Emerging Issues and Methods in Personality Assessment

Emerging Issues and Methods in Personality Assessment

Emerging Issues and Methods in Personality Assessment

Emerging Issues and Methods in Personality Assessment

Synopsis

This book constitutes a collection of articles that were written for, and recently published as, special sections in three consecutive issues of the Journal of Personality Assessment.

Part I provides lucid commentaries on the current status of and future issues regarding the Rorschach and MMPI-2 and other instruments, including the Minnesota Multiphasic Personality Inventory -- Adolescent (MMPI-A), the Interpersonal Adjective Scales (IAS-R), the Inventory of Interpersonal Problems -- Circumplex version (IIP-C), the revised NEO Personality Inventory (NEO-PI-R), and the third edition of the Millon Clinical Multiaxial Inventory (MCMI-III). The authors not only participated in the dvelopment of the instruments, but continue to lead the research effort in their application in both clinical and research settings.

Part II addresses several issues that have been recurring themes, and often topics of debate, in the research and professional literature. The contributors discuss the impact of the five-factor model on personality assessment, the issue of deception in personality assessment, and various critical issues in the measurement of mood states. Other articles focus on the integration of the MMPI-2 and Rorschach and the process that clinicians should follow when applying scientific knowledge to clinical practice.

Part III is primarily devoted to overviews of several statistical methods that are employed infrequently in personality assessment research, but have great potential in contributing to the understanding of the complex data sets often encountered in the measurement and study of personality. These articles serve as both an introduction and a brief tutorial for personality researchers who are unfamiliar with the subject matter. They are valuable references that will form the basis for evaluating the appropriate use of these methods in published research in their areas of interest.

Excerpt

This book represents a collection of articles that were written for, and recently published as, special sections in three consecutive issues of the Journal of Personality Assessment. The origins of the collection lie in several casual conversations with other personality assessment researchers at professional meetings over the past several years. As is often the case, these informal discussions were more stimulating and freewheeling than the formal presentations and focused on a broad range of topics including the merits of new and revised personality instruments, evolving methods of personality scale development, models of personality, and the appropriate use of complex and occasionally arcane statistical procedures as applied to data in personality assessment. Many of these conversations concluded that the topic of discussion would be a great theme for a symposium at the next national professional meeting. On rare occasions, this was in fact accomplished, but more commonly no tangible outcome resulted. In retrospect, however, the increasing frequency of these conversations appears to be a testimony to a groundswell of interest and activity in the study of personality in the broad sense--models, measurement issues, developmental pathways, and even molecular genetics (Benjamin et al., 1996; Ebstein et al., 1996).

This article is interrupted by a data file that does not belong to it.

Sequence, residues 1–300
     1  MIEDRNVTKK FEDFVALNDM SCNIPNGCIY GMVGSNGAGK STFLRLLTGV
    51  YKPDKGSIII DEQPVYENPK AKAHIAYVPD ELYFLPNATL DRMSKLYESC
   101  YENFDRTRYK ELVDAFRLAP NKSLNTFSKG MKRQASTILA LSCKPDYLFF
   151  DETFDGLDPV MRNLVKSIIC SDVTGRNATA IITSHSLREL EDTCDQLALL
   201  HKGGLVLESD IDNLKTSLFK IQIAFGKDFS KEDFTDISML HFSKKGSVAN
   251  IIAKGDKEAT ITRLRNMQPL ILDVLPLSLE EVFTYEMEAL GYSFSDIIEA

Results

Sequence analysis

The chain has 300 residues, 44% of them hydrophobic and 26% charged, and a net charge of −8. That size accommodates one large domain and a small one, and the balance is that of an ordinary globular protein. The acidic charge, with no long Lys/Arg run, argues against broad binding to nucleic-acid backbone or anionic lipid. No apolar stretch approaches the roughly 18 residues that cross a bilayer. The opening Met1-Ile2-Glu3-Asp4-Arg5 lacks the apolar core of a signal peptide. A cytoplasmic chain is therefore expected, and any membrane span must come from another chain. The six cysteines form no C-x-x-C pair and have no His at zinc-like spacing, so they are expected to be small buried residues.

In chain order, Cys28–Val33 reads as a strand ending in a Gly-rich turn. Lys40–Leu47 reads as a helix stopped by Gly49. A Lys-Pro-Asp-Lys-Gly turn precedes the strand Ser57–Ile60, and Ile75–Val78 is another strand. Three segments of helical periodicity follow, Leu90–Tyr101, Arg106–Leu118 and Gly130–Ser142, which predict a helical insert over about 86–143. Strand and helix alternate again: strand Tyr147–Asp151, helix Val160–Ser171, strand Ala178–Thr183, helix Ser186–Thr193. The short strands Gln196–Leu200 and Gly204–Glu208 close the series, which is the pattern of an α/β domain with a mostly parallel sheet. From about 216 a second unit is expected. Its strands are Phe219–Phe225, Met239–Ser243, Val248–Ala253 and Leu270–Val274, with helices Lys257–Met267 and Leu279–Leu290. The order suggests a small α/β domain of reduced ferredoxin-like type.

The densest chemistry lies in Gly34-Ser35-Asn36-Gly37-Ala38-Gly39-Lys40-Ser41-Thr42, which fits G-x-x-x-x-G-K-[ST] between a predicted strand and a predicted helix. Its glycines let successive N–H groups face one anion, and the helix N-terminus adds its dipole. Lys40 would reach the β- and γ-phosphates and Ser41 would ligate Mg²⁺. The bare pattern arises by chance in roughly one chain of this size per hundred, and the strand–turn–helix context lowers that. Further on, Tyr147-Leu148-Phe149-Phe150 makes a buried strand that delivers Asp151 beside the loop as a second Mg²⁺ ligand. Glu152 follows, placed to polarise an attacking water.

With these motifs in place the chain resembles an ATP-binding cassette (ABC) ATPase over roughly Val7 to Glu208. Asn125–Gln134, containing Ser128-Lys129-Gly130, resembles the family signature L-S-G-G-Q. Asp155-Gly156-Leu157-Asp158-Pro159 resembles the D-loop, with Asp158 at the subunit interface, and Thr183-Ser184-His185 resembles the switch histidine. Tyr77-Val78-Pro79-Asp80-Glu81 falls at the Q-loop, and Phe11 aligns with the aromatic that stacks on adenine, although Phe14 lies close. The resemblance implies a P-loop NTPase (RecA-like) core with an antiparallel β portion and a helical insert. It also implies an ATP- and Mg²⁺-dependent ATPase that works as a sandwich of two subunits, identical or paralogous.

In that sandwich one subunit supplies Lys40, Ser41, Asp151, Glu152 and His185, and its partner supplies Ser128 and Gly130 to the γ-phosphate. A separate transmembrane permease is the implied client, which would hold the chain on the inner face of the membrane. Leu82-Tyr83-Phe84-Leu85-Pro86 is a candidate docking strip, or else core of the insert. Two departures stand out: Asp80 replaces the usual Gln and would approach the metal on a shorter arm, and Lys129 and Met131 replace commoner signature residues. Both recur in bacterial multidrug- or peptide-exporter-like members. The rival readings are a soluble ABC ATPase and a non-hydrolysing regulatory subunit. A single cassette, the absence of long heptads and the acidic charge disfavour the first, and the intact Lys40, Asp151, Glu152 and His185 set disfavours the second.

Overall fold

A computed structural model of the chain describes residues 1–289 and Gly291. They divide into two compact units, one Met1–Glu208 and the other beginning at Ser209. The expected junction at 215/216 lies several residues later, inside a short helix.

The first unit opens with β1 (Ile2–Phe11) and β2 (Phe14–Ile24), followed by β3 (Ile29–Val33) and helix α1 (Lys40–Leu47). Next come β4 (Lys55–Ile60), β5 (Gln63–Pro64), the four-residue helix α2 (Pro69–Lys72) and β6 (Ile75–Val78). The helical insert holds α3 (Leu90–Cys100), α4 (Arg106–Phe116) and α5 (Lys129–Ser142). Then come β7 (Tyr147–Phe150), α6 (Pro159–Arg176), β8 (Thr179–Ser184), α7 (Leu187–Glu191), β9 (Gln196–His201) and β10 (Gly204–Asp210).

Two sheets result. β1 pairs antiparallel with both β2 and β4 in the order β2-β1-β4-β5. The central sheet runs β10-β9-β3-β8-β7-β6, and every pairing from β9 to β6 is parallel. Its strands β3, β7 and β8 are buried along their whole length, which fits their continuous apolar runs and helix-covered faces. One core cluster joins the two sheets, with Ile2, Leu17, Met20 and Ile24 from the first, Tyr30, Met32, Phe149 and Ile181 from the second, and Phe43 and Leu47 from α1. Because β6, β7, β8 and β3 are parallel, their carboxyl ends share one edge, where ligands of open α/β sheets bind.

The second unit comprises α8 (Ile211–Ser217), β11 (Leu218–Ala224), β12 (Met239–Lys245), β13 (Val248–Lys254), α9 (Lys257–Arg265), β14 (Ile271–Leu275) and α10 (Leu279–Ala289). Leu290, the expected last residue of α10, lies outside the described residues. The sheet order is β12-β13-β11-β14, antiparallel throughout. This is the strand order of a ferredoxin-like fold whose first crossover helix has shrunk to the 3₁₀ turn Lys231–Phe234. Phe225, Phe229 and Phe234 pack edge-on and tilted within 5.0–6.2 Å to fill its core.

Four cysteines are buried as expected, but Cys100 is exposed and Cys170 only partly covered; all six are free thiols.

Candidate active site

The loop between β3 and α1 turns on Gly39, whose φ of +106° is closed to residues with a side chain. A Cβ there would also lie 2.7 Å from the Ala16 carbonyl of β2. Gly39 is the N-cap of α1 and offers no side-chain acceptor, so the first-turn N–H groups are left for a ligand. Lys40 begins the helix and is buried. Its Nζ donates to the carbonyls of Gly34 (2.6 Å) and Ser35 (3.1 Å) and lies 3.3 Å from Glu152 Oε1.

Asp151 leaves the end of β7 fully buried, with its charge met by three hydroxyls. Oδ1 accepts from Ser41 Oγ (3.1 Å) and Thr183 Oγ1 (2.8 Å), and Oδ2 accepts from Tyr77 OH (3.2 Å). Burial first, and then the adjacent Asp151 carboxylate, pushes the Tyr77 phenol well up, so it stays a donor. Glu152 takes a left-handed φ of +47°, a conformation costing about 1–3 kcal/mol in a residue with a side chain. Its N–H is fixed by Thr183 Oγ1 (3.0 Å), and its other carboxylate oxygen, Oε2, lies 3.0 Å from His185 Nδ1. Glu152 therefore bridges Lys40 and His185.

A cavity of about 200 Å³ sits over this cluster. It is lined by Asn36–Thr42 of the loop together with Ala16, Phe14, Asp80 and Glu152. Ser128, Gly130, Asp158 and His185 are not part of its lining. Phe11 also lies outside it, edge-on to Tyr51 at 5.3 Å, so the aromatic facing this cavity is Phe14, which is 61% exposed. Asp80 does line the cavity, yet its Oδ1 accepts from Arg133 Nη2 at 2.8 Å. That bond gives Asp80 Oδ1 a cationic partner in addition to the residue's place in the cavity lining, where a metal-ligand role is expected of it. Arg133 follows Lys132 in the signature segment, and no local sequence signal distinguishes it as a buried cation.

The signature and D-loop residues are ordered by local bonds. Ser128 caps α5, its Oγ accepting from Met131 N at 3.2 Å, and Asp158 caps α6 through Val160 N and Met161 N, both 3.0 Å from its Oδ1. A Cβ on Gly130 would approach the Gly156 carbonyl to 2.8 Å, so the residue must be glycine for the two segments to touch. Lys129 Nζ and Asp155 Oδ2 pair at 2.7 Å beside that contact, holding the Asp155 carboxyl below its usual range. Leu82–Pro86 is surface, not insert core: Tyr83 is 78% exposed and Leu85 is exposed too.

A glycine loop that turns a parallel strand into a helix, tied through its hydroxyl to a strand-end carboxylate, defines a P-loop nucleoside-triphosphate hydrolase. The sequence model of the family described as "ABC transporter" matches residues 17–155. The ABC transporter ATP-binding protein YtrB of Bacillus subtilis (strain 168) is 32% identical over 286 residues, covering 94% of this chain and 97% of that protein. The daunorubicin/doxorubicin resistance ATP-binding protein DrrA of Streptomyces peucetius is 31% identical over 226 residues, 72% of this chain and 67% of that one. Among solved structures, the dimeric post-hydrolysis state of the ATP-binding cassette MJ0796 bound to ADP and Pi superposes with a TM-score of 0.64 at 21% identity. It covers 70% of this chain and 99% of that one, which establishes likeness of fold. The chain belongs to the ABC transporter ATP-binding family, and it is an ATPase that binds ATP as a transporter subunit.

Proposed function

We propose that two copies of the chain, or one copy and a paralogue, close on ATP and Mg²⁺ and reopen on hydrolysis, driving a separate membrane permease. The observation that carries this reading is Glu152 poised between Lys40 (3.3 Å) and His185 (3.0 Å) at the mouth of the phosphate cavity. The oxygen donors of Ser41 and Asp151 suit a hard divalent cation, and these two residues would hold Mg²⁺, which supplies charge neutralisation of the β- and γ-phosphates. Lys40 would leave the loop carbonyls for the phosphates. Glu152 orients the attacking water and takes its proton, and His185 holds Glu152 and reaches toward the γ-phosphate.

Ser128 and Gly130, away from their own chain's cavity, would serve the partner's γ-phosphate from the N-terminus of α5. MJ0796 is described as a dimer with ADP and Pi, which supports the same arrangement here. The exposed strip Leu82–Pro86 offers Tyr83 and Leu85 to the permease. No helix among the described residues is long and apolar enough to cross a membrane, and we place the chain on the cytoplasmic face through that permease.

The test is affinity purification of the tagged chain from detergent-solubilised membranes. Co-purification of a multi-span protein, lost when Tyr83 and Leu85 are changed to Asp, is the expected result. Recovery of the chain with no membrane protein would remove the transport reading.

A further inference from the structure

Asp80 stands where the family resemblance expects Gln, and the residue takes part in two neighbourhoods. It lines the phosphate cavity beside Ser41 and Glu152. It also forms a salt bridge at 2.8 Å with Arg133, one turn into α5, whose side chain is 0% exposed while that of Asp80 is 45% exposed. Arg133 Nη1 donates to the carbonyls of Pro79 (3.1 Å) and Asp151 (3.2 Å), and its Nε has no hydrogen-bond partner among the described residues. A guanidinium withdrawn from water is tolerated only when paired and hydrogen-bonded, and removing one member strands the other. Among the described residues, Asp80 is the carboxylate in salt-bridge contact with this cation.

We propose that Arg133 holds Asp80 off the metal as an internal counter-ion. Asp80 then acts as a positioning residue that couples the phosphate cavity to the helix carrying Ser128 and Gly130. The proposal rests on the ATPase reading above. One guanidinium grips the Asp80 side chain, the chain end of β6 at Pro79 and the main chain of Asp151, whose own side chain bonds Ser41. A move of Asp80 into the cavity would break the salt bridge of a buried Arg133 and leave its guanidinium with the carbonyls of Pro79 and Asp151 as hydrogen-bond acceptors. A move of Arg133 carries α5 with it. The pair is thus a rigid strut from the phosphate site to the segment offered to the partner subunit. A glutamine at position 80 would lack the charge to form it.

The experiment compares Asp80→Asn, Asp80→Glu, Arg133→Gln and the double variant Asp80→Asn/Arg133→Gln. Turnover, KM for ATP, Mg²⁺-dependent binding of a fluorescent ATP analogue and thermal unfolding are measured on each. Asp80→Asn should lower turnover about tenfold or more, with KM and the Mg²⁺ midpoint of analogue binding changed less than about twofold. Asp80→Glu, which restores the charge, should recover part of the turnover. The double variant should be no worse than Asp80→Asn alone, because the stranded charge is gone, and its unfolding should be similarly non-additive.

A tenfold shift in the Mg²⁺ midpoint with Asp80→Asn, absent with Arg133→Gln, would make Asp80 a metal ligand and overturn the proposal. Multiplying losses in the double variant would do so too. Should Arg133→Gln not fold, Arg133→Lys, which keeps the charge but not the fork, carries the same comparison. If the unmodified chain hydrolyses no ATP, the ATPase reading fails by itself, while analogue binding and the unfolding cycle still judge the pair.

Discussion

We were subsequently invited by Bill Kinder, the editor of the Journal of Personality Assessment, to serve as action editors for a series of special sections focusing on methodologic issues and advances in personality assessment. We responded by organizing sections for three issues, addressing respectively present and anticipated research issues with commonly used personality instruments, current issues in personality assessment, and applications of statistical methods to personality assessment. Our subsequent solicitations of articles on specific topics were quickly accepted by a list of contributing authors whose names are wellknown to personality assessors. In fact, the reputations of contributing authors and the quality of their contributions suggested to the publisher of the Journal that the articles might be compiled into an edited text for distribution to a larger audience. Thus we were invited to organize this compilation.

The organization of this book parallels that of the Journal issues in which the articles originally were published in early 1997. No changes have been made in any of the substantive articles. Introductions to the special sections that appeared in each of the issues largely stand as they were originally published.

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